Caledonian MacBrayne: Wikis

Advertisements
  
  
  

Note: Many of our articles have direct quotes from sources you can cite, within the Wikipedia article! This article doesn't yet, but we're working on it! See more info or our list of citable articles.

Encyclopedia

From Wikipedia, the free encyclopedia

Caledonian MacBrayne Ltd
Type Public (State-Owned)
Founded 1851
Headquarters Gourock, Scotland, UK
Area served River Clyde, Outer Hebrides, Inner Hebrides
Industry Transport
Services Ferries
Owner(s) Scottish Government
Website http://www.calmac.co.uk/
The funnel of MV Juno.

Caledonian MacBrayne (usually shortened to Cal Mac; Caledonian Mac a' Bhriuthainn in Scottish Gaelic) is the major operator of passenger and vehicle ferries between the mainland of Scotland and 22 of the major islands on Scotland's west coast. It is publicly owned and controlled by the Scottish Government.

Contents

History

The Caledonian MacBrayne headquarters building at Gourock pierhead and a visit from MV Caledonian Isles and MV Isle of Mull.
Advertisements

David Hutcheson & Co.

MacBrayne's, initially known as David Hutcheson & Co., began in 1851 as a private steamship operator when G. and J. Burns, operators of the largest of the Clyde fleets, decided to concentrate on coastal and transatlantic services and handed control of their river and Highland steamers to a new company in which Hutcheson, their manager of these services, became senior partner. Their main route went from Glasgow down the Firth of Clyde through the Crinan Canal to Oban and Fort William, and on through the Caledonian Canal to Inverness.

Caledonian MacBrayne

With the retirement of the founders of David Hutcheson & Co in the 1870s, their partner (and nephew of Messrs. Burns) David MacBrayne gained full ownership, and changed the company's name accordingly.

It remained in the hands of the MacBrayne family until 1928 when, unable to carry on, it was acquired jointly by the LMS Railway and Coast Lines. Its ships featured red funnels with a black top.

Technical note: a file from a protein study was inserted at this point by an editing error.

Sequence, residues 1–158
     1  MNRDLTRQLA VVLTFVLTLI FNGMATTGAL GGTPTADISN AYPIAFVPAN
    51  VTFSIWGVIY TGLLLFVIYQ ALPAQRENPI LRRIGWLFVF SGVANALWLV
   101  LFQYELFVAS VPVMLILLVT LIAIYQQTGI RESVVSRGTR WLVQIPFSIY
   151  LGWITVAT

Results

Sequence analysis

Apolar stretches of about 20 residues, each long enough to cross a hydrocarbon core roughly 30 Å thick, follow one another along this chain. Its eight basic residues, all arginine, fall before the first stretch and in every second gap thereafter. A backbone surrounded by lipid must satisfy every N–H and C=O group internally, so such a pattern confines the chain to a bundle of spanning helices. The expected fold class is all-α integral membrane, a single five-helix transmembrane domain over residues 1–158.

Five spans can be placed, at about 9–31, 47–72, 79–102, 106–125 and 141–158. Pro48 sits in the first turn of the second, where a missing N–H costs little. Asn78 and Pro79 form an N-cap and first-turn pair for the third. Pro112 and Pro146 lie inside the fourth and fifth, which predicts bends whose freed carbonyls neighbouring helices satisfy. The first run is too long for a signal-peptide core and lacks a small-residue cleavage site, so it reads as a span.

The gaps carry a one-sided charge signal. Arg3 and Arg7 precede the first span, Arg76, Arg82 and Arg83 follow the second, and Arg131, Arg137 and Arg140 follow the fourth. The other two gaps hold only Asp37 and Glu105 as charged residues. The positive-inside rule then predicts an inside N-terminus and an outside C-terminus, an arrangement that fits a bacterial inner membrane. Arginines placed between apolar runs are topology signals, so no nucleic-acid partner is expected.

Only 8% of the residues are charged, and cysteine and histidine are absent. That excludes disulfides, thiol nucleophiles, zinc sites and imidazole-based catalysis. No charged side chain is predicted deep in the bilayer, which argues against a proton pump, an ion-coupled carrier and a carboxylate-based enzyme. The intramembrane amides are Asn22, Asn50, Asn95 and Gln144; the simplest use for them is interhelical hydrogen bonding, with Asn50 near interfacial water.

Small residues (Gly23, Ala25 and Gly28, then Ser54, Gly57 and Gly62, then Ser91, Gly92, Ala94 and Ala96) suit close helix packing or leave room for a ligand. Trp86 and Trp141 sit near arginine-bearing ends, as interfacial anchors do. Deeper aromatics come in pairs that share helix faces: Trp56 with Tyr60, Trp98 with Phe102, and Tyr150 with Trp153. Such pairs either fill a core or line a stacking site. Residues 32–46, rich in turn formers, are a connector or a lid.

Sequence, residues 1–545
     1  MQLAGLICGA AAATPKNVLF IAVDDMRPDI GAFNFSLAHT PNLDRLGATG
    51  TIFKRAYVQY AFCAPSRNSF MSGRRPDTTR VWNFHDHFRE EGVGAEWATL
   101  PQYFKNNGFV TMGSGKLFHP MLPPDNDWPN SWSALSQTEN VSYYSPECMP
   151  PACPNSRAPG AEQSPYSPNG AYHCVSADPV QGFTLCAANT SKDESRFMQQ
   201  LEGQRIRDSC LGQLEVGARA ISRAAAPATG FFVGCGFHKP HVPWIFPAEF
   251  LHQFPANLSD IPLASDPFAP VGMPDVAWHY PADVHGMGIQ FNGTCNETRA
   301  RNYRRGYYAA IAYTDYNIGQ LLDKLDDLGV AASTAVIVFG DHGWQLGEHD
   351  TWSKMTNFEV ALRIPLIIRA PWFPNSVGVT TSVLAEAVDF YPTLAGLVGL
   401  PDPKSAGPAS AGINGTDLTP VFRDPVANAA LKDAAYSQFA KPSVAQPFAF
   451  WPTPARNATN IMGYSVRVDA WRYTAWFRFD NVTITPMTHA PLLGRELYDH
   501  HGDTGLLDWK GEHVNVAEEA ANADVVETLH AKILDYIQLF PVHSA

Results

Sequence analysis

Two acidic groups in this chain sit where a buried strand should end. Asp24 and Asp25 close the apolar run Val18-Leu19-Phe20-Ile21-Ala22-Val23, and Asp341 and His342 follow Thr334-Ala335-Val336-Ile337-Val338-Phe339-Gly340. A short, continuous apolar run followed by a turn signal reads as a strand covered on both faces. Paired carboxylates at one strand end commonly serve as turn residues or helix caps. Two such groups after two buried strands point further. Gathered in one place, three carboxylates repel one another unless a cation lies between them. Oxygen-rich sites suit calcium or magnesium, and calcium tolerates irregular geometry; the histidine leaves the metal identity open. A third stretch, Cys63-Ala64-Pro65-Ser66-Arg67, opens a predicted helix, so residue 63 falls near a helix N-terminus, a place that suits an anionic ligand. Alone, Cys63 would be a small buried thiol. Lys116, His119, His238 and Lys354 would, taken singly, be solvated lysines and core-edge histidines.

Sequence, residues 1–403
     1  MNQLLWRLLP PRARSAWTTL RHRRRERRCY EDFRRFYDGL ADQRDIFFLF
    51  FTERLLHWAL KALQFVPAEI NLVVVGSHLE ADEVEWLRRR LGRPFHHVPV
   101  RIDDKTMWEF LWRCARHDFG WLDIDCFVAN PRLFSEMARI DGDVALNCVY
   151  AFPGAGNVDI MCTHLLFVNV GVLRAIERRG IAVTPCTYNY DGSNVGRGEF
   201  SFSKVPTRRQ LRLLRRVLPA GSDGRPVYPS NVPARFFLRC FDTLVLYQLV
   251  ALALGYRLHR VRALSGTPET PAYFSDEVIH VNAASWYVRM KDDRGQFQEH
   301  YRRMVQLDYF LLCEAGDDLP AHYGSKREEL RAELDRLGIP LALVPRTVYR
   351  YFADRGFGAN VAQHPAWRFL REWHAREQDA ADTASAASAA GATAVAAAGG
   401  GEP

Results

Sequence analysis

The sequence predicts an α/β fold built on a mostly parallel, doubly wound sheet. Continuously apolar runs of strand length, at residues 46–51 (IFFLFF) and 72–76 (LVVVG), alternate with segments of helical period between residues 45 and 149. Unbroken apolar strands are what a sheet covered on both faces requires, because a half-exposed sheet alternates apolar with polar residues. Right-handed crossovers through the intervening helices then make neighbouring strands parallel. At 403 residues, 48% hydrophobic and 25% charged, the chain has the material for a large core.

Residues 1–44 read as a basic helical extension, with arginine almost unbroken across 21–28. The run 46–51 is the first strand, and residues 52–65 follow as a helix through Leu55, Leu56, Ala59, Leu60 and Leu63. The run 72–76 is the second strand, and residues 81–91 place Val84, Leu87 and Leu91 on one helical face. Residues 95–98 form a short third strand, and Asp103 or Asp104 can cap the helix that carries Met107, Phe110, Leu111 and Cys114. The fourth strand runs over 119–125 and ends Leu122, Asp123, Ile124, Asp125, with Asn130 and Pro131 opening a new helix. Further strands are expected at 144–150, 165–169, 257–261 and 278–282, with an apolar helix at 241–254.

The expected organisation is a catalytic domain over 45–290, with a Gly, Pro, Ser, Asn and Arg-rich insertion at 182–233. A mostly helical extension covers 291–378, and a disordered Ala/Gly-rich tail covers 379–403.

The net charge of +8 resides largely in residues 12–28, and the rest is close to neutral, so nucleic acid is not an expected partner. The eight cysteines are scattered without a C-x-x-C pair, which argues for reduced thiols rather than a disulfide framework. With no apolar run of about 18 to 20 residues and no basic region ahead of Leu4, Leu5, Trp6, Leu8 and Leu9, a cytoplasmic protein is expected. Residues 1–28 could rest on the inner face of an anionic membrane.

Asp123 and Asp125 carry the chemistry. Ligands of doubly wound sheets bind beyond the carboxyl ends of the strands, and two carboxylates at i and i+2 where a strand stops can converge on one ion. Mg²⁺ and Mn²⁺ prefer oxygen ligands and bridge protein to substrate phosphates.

The Caledonian Railway at first used the services of various early private operators of Clyde steamers, then began operating steamers on its own account on 1 January 1889 to compete better with the North British Railway and the Glasgow and South Western Railway. It extended its line to bypass the G & SW Prince's Pier at Greenock and continue on to the fishing village of Gourock, where they had purchased the harbour.

After years of fierce competition between all the fleets, the Caledonian and G & SW were merged in 1923 into the London, Midland and Scottish Railway (LMS) and their fleets amalgamated into the Caledonian Steam Packet Co., their funnels being painted yellow with a black top. At the same time the North British Railway fleet became part of the LNER (which built the PS Waverley in 1947). With nationalisation in 1948 the LMS and LNER fleets were amalgamated under British Railways with the name Clyde Shipping Services. In 1957 a reorganisation restored the CSP name, and in 1965 a red lion was added to each side of the black-topped yellow funnels. The headquarters remained at Gourock pierhead.

At the end of December 1968 management of the CSP passed to the Scottish Transport Group, which gained control of MacBrayne's the following June. The MacBrayne service from Gourock to Ardrishaig ended on 30 September 1969, leaving the Clyde entirely to the CSP.

MV Juno (Iùno in Gaelic) arriving at Gourock on the Dunoon service